US States Need Federal Funding to Combat the Pandemic
With US state governments facing massive budget shortfalls as a result of the COVID-19 crisis, most will have no choice but to raise taxes or slash spending, further compounding the recession. If Congress and the White House do not step in with additional funding, they will have effectively manufactured another crisis.
BERKELEY – The COVID-19 pandemic has catapulted federalism to the top of the political agenda in America. Confronted with the glaring lack of leadership from the Trump administration, state governments on the front lines have taken charge of the response. But with budget deadlines for the new fiscal year rapidly approaching, many states face unanticipated shortfalls as a result of the crisis. In a recent letter to congressional leaders, the National Governors Association requested an additional $500 billion or more in flexible federal funding, in addition to the $150 billion that was granted for restricted uses under the recent $2 trillion Coronavirus Aid, Relief, and Economic Security (CARES) Act.
In weighing this request, Congress and the White House must determine whether there is a valid macroeconomic rationale for a significant additional tranche of flexible state funding and whether the federal government can afford it. The answer to both questions is a resounding yes.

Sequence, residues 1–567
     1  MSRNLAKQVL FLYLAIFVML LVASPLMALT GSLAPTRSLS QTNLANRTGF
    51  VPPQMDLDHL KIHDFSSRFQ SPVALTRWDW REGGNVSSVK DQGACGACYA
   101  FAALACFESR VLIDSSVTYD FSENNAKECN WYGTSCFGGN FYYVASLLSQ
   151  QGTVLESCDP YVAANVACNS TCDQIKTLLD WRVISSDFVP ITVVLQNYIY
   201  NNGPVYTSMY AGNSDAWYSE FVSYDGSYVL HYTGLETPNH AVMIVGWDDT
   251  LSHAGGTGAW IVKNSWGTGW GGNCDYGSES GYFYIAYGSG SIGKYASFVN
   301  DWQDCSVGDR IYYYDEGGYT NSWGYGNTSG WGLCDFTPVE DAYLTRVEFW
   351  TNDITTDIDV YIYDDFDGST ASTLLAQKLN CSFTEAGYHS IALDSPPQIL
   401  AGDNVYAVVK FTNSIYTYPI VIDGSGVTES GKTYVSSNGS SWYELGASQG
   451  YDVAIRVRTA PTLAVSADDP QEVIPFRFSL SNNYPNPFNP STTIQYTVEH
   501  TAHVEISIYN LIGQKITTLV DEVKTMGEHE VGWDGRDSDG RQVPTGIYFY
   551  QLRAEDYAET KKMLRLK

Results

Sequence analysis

But US Senate Majority Leader Mitch McConnell, a Republican, has suggested that additional federal funding would amount to a bailout for predominantly “blue” (Democratic-controlled) states, and has argued that states in fiscal crisis should instead consider declaring bankruptcy. McConnell’s insinuation that state budget shortfalls are the result of profligacy is misleading and politically divisive. Both red and blue states confront huge budget shortfalls that stem from declining revenues, not excess spending.
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